Fortunately, serious attempts to redress the balance are now underway.
If as many women as men were entering the IT sector, and they were directed towards the areas where skills are most needed, there would be no such thing as a skills shortage. This is why the Government has decided to launch a series of campaigns to lure women into the industry.
Not only are current statistics lamentable but they have got worse - the percentage of female IT professionals in the UK fell from 26% to 18% in 2001. In software engineering women account for just 8% of the workforce.
Trade and industry secretary Patricia Hewitt has expressed her support for efforts to promote IT as a career for women. "An IT industry dominated by men is only using half the available talent and creativity," she said at the joint DTI/DfES Women in IT conference. "This is a particular cause for concern in an industry that, despite current economic conditions, has a growing demand for skilled labour."
But what is it about our industry that makes it so unattractive to women? The work is varied, stimulating, flexible and, compared to other industries, well paid. IT should be overwhelmed with potential candidates.
According to research carried out by the E-Skills National Training Organisation, the industry fails to get this positive image across. Many women are put off by negative stereotypes while still in their teens. IT is still plagued by the reputation of being full of geeks and loners who spend their days glued to computer screens.
A government scheme to set up computer clubs for girls aged 11 to 13 aims to show them that IT is fun and can provide a career full of excellent opportunities.
Another initiative to engender enthusiasm among young people is the introduction of so-called ambassadors who will act as role models and help out in the classroom. The ambassadors will be people working in IT, science, engineering and maths. Hewitt has expressed a wish that at least half of these ambassadors should be women. IBM has pledged to target 200 of its staff for the scheme.
Female role models are seen as a key part of the strategy to help dispel the myth that IT is a male-only club. Virginia Ainscough, an account manager at IT company Logica, has been chosen by the E-Skills NTO as an example of how women can be successful in IT. However, she nearly rejected a career in the industry herself.
"When I left university I was turned off IT because I wanted a people job," she says. "I ended up working for a trade association and was sent on a course for public speaking where, to my surprise, I met some IT professionals - I wondered what on earth they were doing on such a course."
After realising there was more to the IT industry than she had thought, Ainscough joined up and worked her way up the ranks from Cobol programmer to IT consultant.
She believes the industry is more attractive to women now than when she first joined, as there are even greater opportunities to use design, communication and teamwork skills. "In a way, you need to be less technical now than you did then," she says. "So, although very technical skills are essential for some projects, there are many more where other skills play a more important role."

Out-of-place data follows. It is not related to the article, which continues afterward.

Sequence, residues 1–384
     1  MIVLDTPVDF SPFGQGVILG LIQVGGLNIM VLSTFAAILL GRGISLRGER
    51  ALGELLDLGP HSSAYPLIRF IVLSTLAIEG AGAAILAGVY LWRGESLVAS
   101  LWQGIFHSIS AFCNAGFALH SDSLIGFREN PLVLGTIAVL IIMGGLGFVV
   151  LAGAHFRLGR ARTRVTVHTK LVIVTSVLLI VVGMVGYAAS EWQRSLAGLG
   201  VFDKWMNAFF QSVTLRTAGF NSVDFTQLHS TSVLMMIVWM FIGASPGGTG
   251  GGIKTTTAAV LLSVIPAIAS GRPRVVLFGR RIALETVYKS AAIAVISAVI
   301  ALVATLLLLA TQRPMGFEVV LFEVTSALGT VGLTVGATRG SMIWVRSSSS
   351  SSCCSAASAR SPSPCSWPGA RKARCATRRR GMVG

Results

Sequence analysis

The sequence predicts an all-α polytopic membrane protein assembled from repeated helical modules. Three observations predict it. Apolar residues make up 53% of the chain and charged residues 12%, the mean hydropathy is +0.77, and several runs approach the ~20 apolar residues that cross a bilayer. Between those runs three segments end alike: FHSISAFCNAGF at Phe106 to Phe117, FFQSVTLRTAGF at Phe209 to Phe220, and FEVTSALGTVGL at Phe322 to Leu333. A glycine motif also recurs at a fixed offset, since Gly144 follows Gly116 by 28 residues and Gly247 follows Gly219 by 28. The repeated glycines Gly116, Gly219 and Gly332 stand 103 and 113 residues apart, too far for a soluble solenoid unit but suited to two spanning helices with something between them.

Despite this, only 20% of graduates who apply to Logica are female.
It is not only those in education who need to have their perception of IT altered. Another government scheme is specifically targeting women who have taken time out of their careers to raise a family.
The Web Wise Women programme, which was launched last year in Northern Ireland aims to give women returning to work the skills they need to find a job in the technology industry. The 26-week course includes 10 weeks of computer and marketing training and a 16-week placement.
Madeleine McMillan took the course after seeing it advertised in the local press. "I had been out of work for a year and a half," she says. "I had just given birth to my second child when I decided I wanted to get back to work."
Before giving up work McMillan was a kitchen designer and has a degree in marketing. She says she initially felt intimidated by the idea of working in IT.
BT supplied her with a PC and Internet access at home, Parity provided the training and government funding took care of the cost of the childcare. She was trained to design basic Web sites, set up databases, use the Internet, and become proficient in all the main Microsoft packages.
McMillan did her placement with BT. The company offered her a permanent position as an e-channel content manager at the end of the course.
"I do a lot of reporting on response codes, testing of URLs and setting up of sub-domain sites," she explains. "I wouldn't have understood any of this without the course."
Other students have also been taken on by their placement companies and one has even set up her own Web design agency.
Women returning to work after a career break often still have family commitments, so promoting flexible working hours in the IT sector could give recruitment a huge boost. To this end, the Government has allocated £1m to the industry from the Work Life Balance Challenge Fund to help companies develop flexible working schemes.
Julia Vale, an analyst at KPMG, believes the ratio of women in IT has reached a low point because a lot of IT companies do not know what to do about the gender imbalance or do not take enough interest in it.
"The problem is not that women leave to have families, it is that they either don't join in the first place or find that they have limited prospects when they are there," she says. "To win the war for talented women, the IT industry needs to accept that men and women are different, and to support women in the workplace by putting women on the agenda."
Advice for women seeking a career in IT is available at www.itcompass.net/women
Have your say
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This was first published in January 2002